International Fuel Cells' Fuel Cell System Debuts in First New England Hospital

April 12, 2000 by Jeff Shepard

International Fuel Cells Inc. (South Windsor, CT) has aided South County Hospital in Wakefield, RI, with their PC25 fuel cell system. South County has become the first hospital in New England to generate its own electricity. The fuel cell began its 24-hour operation in December 1999, producing one-third of the hospital's electricity during peak hours, and generating virtually no pollution. Hospital officials estimate the fuel cell will reduce power bills by $60,000 to $90,000 a year.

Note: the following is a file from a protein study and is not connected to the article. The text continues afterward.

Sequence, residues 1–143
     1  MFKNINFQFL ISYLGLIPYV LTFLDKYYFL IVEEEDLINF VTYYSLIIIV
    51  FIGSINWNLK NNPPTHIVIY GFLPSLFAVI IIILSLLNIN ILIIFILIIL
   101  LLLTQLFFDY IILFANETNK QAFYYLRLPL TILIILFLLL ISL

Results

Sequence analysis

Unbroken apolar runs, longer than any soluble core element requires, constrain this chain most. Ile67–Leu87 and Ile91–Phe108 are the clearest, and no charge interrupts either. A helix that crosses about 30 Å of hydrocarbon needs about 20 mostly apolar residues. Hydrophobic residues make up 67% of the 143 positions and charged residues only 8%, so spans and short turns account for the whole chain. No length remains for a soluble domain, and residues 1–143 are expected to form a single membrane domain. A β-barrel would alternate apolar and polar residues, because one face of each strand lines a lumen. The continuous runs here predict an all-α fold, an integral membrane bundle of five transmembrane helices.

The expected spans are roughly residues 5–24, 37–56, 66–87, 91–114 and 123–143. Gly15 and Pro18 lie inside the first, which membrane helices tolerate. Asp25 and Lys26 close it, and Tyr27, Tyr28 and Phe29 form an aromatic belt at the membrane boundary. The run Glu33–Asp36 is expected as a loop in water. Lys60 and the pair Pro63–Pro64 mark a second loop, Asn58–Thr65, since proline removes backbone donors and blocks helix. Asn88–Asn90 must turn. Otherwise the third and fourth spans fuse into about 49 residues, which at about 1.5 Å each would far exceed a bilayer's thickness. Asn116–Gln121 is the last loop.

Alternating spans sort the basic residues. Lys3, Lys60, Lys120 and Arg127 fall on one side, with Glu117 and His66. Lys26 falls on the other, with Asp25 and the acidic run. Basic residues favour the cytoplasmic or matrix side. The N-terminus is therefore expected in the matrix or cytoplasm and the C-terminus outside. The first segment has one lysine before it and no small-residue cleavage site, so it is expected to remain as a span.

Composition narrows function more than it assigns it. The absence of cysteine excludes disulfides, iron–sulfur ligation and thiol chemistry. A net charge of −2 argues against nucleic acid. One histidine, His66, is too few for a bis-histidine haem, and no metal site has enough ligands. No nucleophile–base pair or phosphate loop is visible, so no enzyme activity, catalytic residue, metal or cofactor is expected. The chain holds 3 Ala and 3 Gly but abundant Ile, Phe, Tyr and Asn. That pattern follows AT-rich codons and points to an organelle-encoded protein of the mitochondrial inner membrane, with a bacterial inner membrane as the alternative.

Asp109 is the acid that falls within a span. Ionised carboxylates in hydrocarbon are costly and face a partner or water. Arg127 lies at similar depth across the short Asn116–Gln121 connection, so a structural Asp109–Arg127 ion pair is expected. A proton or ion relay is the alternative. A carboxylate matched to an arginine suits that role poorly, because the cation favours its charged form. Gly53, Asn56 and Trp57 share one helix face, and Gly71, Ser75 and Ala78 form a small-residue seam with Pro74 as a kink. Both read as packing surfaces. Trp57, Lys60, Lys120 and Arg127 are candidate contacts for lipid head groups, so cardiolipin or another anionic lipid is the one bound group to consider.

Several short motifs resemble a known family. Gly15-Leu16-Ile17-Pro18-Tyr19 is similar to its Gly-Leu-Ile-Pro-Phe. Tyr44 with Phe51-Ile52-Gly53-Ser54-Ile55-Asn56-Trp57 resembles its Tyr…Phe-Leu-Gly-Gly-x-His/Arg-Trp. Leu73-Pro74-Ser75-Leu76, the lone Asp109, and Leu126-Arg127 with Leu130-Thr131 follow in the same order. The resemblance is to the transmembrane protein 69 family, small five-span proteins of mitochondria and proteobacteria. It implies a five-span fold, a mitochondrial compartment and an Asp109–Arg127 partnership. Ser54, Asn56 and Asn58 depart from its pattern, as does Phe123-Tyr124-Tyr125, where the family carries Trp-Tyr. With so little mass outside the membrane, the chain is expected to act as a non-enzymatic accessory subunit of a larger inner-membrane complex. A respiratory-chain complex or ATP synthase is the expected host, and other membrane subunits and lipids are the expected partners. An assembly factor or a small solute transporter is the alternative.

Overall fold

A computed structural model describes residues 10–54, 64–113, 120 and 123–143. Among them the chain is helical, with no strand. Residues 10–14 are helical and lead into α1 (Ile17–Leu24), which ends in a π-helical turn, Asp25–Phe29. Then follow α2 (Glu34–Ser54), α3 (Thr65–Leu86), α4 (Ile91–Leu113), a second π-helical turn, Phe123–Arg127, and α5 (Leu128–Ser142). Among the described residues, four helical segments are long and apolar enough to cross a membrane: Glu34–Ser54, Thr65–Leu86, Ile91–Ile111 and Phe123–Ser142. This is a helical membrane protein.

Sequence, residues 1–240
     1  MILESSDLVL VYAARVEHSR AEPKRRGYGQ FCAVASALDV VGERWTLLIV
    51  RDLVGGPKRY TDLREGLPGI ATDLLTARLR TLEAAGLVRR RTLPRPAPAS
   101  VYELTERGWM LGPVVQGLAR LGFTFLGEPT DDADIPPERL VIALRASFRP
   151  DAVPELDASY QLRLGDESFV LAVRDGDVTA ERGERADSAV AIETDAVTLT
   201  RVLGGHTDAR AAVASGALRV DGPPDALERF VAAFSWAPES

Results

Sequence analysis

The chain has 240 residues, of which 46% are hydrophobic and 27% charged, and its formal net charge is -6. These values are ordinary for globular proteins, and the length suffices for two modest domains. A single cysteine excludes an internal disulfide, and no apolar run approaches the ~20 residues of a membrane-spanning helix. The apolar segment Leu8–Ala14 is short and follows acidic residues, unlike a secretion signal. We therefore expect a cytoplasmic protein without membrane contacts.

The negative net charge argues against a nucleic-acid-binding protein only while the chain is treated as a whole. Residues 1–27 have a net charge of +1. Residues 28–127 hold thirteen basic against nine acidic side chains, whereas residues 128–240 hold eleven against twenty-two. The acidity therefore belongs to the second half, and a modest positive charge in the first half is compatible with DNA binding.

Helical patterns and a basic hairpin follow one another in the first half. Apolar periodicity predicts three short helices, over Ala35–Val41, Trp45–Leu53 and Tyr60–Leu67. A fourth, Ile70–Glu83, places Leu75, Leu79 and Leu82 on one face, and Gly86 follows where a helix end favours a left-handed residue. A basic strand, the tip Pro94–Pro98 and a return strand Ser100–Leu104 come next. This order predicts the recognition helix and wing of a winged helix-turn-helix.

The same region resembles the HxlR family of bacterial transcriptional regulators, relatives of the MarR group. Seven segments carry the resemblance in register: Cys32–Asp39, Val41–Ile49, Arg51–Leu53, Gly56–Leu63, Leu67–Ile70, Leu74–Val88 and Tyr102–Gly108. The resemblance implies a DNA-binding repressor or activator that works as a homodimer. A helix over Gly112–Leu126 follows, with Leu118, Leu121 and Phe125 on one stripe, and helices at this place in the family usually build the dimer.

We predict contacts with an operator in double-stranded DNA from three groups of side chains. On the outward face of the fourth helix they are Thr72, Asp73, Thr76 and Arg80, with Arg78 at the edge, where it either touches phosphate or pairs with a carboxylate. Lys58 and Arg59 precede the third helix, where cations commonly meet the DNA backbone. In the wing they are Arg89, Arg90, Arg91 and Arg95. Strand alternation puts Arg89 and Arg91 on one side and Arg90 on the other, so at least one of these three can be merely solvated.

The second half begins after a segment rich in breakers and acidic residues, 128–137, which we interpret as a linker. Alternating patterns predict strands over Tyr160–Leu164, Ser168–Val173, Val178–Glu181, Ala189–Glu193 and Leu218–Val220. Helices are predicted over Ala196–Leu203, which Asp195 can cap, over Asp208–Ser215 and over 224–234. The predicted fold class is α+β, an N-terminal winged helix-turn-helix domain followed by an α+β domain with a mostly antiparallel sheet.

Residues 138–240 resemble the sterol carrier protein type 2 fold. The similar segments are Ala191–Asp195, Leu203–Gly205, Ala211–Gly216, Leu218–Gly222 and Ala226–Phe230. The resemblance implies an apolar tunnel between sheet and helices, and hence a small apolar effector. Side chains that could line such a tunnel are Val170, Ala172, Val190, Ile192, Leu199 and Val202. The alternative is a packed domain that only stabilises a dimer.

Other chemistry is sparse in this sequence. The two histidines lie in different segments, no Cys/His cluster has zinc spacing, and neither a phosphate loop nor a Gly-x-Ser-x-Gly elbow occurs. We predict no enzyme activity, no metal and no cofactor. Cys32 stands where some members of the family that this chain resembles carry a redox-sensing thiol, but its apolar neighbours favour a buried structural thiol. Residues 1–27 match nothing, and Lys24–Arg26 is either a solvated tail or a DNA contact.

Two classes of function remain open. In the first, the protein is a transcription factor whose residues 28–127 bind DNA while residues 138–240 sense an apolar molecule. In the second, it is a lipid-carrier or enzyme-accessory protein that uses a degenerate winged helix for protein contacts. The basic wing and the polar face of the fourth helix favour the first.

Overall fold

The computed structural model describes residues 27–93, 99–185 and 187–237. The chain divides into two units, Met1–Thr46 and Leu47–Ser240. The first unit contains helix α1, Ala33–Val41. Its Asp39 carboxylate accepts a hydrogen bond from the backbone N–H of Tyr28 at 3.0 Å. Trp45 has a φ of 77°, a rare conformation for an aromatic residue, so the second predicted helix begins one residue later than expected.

The 200kW unit PC25 system, fueled by natural gas, measures 10' x 18' and uses an electrothermal process to directly convert chemical energy from natural gas into electricity and hot water. Because the fuel cell does not burn gas, it does not generate air emissions normally associated with acid rain and smog.

The PC25 system provides an economical and reliable source of electricity, making it the best bet for health-care dollars and the environment. In addition to operating the fuel cell 24 hours a day, the hospital purchases electricity from Narragansett Electric and has three diesel generators on emergency standby.

The company is developing fuel cells for use in automobiles, and it supplies the fuel cells for all the in-orbit electrical power and drinking water for the Space Shuttle.